Casey Mecija remembers how she came out to her own parents.
Insider tips for a proper dim sum session from a seasoned pro.
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Woman meditating on rooftop
But they're becoming more common in Canada.
To me, being white meant that you were better than everybody else.
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Languages adapt in funny ways in Canada.
I can feel his presence whenever I open up a jar of the good stuff.
Singing love tunes in my basement was my introduction to my culture.
To him, the team represented a lot that is great about Canada.
Growing up, I didn't think I had identity issues. I only realized it as an adult.
Food continues to bring our families together.
All her dad ever wanted was to stay in a beautiful hotel at Lake Louise.
Coming out to your parents as LGBTQ is a deeply personal experience. And when you're the child of an immigrant, there can be layers of cultural complexity that families have to navigate. Some first-generation parents are accepting, while others don't understand and make it difficult for their queer children to just be themselves.
As part of our Born And Raised series, these second-generation Canadians share what it was like for them to come out to their loved ones. Watch the video to learn about their experiences, and how it's changed their relationships with their families.
I never gave myself the opportunity to learn what it means.
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Jasmeet Singh might challenge you to a mom-off. You don't want that.
Growing up in a Filipino/Indian household, I was always told there were only two options when it came to moving out - either buy your own place, or get married and buy a house with your partner. Unfortunately, both scenarios meant I'd be staying put for a while.
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From dancing to food, these couples have shared it all.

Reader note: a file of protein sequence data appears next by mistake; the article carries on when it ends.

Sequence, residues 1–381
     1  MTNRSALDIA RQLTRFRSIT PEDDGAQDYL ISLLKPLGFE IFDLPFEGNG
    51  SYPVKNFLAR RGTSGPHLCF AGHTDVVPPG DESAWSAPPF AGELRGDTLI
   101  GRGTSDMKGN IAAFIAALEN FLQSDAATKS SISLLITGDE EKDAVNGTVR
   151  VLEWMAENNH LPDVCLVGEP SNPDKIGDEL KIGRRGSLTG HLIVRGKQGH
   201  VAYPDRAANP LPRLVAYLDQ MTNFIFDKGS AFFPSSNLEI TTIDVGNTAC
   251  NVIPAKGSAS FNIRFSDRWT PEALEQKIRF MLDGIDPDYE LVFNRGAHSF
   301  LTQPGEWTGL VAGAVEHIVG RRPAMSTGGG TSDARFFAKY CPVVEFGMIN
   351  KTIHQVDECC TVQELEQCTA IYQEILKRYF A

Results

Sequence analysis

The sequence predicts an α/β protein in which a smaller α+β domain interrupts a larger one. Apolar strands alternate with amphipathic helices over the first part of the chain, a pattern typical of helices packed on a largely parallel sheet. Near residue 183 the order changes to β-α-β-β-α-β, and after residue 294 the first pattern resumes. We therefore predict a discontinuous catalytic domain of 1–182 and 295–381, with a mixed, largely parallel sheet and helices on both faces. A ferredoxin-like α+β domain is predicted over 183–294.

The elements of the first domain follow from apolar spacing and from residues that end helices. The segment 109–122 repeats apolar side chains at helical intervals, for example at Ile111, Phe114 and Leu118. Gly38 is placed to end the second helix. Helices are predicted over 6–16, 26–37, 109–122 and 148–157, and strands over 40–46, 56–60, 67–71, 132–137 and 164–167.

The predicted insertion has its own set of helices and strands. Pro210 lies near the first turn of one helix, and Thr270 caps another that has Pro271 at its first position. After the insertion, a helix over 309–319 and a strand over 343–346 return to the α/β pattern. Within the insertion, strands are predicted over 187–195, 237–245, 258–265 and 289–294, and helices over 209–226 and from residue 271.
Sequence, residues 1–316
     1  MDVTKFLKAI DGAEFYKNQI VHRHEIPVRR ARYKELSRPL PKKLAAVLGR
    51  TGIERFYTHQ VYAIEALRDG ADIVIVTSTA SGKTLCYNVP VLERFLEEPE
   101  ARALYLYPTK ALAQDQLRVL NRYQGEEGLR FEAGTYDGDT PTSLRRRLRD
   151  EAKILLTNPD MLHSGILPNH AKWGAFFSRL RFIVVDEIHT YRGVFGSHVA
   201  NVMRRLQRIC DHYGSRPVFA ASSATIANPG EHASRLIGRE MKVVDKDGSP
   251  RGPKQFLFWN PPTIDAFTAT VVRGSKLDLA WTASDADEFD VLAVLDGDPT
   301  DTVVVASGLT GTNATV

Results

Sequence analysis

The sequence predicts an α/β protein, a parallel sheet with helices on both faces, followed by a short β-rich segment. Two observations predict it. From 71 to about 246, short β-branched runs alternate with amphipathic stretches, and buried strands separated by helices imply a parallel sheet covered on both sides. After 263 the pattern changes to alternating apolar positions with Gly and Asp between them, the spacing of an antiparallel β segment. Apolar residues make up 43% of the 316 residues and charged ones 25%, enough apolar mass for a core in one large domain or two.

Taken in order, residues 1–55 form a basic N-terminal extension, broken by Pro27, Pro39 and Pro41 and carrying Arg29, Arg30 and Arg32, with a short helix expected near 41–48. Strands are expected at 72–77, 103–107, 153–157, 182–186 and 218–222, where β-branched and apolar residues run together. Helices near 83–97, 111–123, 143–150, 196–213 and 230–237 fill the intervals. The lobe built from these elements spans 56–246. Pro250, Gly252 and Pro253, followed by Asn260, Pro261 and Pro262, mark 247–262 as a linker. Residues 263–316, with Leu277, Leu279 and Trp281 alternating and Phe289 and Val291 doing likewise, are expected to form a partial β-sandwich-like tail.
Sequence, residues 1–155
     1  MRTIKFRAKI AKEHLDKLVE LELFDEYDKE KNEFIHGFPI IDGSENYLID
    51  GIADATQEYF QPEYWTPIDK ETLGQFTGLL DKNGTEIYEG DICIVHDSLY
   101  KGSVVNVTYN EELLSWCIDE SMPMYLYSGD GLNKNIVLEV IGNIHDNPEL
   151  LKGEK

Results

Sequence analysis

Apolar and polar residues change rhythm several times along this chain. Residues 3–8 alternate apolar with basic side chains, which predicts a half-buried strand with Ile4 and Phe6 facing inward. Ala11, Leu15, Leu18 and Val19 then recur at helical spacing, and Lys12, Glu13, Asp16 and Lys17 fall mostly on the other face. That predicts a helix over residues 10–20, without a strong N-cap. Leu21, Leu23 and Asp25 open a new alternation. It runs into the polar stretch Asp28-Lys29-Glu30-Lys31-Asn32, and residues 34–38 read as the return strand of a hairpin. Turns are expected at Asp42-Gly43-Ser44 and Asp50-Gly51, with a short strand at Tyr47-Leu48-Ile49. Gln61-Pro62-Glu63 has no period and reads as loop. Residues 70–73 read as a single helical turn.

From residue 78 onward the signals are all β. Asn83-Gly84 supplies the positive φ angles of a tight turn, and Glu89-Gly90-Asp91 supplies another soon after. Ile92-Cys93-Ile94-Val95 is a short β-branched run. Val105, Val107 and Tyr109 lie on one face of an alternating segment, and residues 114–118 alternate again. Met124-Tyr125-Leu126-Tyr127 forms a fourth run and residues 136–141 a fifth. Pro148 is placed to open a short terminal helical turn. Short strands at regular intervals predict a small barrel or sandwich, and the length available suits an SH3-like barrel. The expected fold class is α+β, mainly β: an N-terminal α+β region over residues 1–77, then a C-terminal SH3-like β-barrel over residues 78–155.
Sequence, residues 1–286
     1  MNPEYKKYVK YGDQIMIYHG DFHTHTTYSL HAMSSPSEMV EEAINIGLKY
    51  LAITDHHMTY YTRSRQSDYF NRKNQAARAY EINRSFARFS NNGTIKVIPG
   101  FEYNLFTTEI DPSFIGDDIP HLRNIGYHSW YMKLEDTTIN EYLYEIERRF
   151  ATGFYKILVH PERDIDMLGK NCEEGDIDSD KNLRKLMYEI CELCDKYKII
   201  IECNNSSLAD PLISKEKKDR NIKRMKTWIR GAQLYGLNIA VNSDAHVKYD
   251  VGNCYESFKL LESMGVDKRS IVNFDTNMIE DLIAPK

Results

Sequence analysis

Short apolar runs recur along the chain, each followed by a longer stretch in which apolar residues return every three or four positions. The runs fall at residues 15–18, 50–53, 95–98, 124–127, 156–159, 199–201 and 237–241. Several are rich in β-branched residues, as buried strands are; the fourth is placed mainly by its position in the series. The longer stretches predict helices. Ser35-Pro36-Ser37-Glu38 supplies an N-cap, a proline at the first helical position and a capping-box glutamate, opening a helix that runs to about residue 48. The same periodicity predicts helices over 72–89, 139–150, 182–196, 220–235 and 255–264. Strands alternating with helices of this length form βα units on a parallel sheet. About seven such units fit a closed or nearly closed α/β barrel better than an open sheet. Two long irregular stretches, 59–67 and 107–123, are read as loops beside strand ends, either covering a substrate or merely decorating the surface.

"We were exposed to this duality that we could embrace being Canadian and embrace our roots which was very empowering."
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"Hey honey... you're getting a bit fat..."
As people of colour, we sometimes have this idea that not being white meant going through similar struggles and hardships. And although this doesn't mean hardships and racism doesn't exist for South Asians, it's not the same and never will be. The n-word is offensive, and always will be.
My Jamaican Grandparents came to Canada in 1967, just after new immigration laws allowed entry on the basis of a new merit-based points system. My entire life, the Jamaican-Canadian trajectory story from their humble Caribbean beginnings, to the United Kingdom where they met as students, and finally to Canada with their four young children for opportunities they could not afford in Jamaica, has been etched into my conscience as a constant reminder of how far our family has come, to seize the opportunities and carve out the legacy that is now well underway.
"By the time I was born, my life path and all its details were decided for me."
"I learned I had a body through your condemnation of my body."
"I finally opened up to my dad last year... that was really hard."
Brian Vinh Tien Trinh
"How are we going to survive?"
Who am I? If you look at what I eat and what I cook, it's the equivalent of throwing a dart at a map. The easy answer is that I'm Canadian. Few nationalities give you the privilege of good global gastronomy with such ease. The complicated answer is that I'm someone longing to reconnect with my Vietnamese roots.
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Growing up, my parents had never imposed their cultures on me -- my cultural identity had always felt like a decision between Canadian, Trinidadian and British. It wasn't until I had recently retired my soccer cleats when I'd realized I had never had to make the choice, that I could be all three.
Why was I jonesing so hard for "white-people lunch" when I was young?
When I was a kid, I wasn't up on a Saturday morning watching cartoons while eating fruit loops. Instead, like many Tamil children, I was usually half asleep trying to learn the language that I first learned to speak. I didn't hate going to Tamil school because I missed out on cartoons. I think I hated going because it was a hard language to learn.